Southern Gazette (South Perth) - - Drive Way - Peter Barn­well

A PUL­SAR SSS sedan re­cently sur­faced com­plete with a 140kW turbo petrol en­gine and plenty of kit. It sells for $26,990 for the sixspeed man­ual or $2300 more for the CVT “auto” called Xtronic.

On test was the SSS auto sedan – with the slush-box – and it turned out to be a bet­ter ex­pe­ri­ence than ex­pected. The man­ual is prefer­able un­less you are an ev­ery­day city com­muter.

Though at the lower end of the small-car peck­ing or­der and fac­ing some crack­ing good com­pe­ti­tion, the SSS sedan has some­thing to of­fer, par­tic­u­larly in value-for­money terms and avail­able room, es­pe­cially the rear seat and big boot, com­plete with a full-size spare un­der the floor.

They jam in a de­cent amount of kit be­cause the SSS sedan re­places the for­mer Ti sedan, so that means it gets leather, pre­mium au­dio, dual-zone cli­mate con­trol, cruise con­trol, key­less en­try and but­ton start, multi-wheel con­trols, sat­nav, re­verse cam­era, rear-park as­sist and a rea­son­able touch-screen con­trol sys­tem.

The Blue­tooth con­nec­tion is quick and stays hooked up af­ter you switch off and then start up later.

The SSS sedan looks like a scaled-down Nissan Al­tima and other Nissan pas­sen­ger cars, but you don't have to like the look of it to ap­pre­ci­ate the en­gine's per­for­mance that makes the SSS get go­ing rapidly, even with the auto.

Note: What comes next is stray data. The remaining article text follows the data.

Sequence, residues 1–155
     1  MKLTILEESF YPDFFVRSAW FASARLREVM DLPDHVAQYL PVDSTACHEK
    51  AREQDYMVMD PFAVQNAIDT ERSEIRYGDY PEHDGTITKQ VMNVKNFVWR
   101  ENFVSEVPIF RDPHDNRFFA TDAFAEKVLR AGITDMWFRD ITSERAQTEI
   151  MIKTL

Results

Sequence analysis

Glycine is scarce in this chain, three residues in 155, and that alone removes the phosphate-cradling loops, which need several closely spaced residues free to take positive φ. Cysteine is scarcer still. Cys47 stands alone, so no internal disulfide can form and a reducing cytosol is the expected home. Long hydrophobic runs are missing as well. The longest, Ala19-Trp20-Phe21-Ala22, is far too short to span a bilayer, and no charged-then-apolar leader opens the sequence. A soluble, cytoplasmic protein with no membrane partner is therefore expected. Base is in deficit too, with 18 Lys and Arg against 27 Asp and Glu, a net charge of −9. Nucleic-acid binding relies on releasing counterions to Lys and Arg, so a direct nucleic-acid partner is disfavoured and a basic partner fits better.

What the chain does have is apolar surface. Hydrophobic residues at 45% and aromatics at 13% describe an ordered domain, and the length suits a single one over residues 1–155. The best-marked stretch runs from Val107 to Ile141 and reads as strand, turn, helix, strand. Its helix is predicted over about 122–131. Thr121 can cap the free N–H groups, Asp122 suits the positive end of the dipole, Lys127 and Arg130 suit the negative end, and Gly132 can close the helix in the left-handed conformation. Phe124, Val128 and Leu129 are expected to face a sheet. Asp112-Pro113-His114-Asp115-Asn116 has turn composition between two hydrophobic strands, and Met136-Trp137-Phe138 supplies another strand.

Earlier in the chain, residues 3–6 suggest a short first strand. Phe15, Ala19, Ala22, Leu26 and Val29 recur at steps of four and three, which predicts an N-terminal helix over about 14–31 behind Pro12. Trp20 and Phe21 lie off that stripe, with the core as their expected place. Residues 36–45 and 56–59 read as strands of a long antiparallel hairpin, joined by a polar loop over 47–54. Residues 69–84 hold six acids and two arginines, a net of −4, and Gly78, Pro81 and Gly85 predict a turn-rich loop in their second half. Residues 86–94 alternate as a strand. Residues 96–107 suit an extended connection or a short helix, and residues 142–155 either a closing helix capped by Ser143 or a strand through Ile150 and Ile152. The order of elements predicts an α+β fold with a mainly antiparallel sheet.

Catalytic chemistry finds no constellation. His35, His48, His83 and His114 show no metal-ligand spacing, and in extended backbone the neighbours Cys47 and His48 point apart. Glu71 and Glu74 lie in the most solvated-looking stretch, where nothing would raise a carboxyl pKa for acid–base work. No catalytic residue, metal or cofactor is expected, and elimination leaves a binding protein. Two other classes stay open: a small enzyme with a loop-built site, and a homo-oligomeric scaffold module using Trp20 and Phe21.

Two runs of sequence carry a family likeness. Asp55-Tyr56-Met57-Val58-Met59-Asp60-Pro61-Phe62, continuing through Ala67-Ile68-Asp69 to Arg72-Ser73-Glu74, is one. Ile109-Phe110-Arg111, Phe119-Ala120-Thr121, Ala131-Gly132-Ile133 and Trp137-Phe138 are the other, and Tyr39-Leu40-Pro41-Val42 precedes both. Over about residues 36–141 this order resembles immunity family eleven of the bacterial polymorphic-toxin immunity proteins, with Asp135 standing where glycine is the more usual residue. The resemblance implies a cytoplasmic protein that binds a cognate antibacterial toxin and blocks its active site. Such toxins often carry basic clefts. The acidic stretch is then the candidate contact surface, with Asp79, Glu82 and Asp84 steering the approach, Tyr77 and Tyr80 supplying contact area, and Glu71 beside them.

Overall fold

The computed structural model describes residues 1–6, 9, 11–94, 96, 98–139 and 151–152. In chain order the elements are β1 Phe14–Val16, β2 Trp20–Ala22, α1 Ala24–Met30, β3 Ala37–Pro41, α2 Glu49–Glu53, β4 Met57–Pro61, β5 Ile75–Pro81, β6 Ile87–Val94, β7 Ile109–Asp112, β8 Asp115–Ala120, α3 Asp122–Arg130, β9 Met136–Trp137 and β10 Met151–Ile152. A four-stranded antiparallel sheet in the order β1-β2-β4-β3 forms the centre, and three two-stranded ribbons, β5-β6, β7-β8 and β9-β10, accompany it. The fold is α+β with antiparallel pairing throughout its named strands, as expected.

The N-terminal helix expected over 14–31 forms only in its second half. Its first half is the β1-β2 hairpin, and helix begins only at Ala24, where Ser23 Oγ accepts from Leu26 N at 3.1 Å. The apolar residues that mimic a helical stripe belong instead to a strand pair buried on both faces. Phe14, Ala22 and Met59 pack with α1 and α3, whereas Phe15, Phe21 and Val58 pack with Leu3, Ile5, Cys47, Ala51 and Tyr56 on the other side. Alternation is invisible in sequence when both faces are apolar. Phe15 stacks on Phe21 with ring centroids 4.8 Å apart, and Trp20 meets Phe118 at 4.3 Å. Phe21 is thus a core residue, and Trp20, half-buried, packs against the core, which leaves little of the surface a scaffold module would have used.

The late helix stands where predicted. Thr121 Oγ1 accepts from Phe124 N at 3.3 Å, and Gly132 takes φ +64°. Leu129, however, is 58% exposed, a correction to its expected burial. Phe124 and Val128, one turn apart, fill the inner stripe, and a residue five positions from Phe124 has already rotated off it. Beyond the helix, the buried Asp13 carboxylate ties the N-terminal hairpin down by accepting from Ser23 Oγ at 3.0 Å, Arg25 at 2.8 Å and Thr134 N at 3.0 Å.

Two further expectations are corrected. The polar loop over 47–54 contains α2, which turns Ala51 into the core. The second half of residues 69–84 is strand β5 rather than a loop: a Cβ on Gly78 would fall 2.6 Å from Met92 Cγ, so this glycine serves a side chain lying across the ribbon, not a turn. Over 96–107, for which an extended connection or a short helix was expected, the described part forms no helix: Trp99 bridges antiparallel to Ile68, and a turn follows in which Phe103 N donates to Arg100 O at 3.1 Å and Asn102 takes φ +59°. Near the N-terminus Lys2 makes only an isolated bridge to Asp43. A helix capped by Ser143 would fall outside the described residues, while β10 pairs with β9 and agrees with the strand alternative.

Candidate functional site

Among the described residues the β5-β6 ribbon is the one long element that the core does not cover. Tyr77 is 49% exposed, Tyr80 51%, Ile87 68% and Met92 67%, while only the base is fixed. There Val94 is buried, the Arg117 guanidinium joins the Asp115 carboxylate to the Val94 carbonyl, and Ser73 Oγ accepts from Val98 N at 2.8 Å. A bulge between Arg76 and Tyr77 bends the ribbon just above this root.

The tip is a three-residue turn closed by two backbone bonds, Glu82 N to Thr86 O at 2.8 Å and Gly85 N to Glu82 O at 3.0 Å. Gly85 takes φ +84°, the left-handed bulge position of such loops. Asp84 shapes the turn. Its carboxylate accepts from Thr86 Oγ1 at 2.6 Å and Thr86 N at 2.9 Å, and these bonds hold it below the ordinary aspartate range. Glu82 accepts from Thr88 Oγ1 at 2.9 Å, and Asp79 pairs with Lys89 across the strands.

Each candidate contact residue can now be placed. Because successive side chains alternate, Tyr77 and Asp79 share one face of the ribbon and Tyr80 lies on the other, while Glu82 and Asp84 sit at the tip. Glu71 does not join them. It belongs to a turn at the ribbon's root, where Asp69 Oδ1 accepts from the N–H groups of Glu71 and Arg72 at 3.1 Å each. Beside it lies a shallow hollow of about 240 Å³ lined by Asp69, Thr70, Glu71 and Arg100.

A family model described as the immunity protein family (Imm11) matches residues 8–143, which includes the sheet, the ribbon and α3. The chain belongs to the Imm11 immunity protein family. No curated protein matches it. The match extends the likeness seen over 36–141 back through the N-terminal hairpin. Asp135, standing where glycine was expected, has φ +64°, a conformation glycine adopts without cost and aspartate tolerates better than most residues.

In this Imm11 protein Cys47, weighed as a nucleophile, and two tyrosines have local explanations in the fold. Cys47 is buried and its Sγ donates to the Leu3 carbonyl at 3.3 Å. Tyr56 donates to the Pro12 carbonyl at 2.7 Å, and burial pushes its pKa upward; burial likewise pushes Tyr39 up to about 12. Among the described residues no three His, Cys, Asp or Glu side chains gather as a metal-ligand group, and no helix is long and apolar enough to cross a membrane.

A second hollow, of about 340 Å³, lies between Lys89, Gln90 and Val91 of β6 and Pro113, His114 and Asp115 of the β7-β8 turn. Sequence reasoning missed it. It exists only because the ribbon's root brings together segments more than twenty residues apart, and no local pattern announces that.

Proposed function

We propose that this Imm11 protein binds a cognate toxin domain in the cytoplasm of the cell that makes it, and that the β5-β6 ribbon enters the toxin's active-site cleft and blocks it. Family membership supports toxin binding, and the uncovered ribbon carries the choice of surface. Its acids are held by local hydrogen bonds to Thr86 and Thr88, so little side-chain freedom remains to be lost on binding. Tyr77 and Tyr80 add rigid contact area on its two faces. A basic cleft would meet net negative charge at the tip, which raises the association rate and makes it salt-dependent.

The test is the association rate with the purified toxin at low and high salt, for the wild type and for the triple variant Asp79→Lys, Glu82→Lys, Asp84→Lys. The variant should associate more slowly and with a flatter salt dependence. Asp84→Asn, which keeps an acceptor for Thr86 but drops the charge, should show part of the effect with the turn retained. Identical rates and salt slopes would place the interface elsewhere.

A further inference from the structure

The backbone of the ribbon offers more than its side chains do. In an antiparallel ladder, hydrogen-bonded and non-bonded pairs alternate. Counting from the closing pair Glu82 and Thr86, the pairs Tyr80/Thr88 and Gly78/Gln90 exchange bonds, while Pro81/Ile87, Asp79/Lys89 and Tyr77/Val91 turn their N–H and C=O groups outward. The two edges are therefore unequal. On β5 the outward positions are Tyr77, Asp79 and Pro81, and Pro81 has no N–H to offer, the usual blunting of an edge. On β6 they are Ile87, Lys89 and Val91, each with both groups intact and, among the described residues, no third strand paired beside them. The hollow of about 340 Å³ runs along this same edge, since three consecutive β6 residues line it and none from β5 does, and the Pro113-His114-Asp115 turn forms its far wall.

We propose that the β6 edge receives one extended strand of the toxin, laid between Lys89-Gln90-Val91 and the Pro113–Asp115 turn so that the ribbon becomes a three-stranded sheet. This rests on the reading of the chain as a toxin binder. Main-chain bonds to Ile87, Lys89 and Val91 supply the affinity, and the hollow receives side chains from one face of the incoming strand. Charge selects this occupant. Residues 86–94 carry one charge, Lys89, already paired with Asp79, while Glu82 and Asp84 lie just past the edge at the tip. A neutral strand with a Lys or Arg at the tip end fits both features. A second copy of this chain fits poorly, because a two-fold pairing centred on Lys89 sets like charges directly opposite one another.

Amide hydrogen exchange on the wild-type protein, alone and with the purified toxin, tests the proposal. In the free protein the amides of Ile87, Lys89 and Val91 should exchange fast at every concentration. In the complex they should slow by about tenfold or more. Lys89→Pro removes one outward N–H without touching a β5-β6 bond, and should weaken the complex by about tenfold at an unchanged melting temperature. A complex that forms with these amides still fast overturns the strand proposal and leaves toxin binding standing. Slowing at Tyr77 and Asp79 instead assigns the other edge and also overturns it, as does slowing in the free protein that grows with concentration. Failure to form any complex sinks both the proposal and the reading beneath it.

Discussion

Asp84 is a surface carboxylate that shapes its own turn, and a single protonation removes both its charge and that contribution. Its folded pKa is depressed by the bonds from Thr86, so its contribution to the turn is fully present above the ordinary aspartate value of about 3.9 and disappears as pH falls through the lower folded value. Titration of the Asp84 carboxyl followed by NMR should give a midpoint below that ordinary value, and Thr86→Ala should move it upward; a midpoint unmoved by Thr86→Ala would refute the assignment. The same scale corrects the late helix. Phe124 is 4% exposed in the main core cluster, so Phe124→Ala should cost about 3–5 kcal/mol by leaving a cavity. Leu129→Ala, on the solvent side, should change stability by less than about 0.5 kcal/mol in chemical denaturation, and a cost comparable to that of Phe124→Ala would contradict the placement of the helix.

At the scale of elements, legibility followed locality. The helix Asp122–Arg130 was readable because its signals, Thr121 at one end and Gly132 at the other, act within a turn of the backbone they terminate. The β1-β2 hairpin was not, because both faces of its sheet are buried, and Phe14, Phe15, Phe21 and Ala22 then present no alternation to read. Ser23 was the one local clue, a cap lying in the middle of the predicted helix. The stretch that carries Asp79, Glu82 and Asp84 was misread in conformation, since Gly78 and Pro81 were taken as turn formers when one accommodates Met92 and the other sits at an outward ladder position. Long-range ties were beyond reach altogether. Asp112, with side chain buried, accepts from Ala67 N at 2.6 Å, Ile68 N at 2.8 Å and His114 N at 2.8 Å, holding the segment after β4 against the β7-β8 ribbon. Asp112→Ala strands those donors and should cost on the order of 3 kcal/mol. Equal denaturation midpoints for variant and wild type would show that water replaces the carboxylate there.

It's no sports sedan but has strong off-the-line ac­cel­er­a­tion once the turbo and auto hook up and on-the-move ac­cel­er­a­tion is good too.

It's just that the slur­ring CVT tends to give it all a fran­tic feel as the en­gine revs up and then the car's ac­tual speed catches up a bit later.

The en­gine is a 1.6-litre four banger with di­rect fuel in­jec­tion and a turbo. It's good for a rel­a­tively lazy 140kW/240Nm out­put but they kept a lid on it to achieve 7.8-litres/100km fuel econ­omy; on 95 oc­tane.

Nissan knows how to do per­for­mance cars but for some rea­son holds back with Pul­sar.

Hav­ing said that, the SSS is at least the equal of cars like Kia's Cer­ato 2.0 and the Holden Cruze SRI-V. They are in-be­twee­nies, half sporty, half com­muter hacks.

The SSS rolls on 17-inch wheels and tyres with ad­e­quate grip and has de­cent brakes and rides half­way be­tween sporty and soft; just like the whole car re­ally. The sus­pen­sion is a sim­ple strut front and ba­sic tor­sion beam rear set-up: cheap and ef­fec­tive.

It's an easy de­vice to drive and doesn't have any real vices.

The in­te­rior looks stylish and is a big im­prove­ment on pre­vi­ous ef­forts in this seg­ment from Nissan.

On the out­side it has a dash of flash with a mild body aero kit and some more body-coloured hard­ware.

Ver­dict: For the money, the SSS has plenty of kit and some driver as­sist fea­tures. It goes OK, han­dles OK and doesn't cost too much.

The Pul­sar SSS is a good per­former at a bud­get price.

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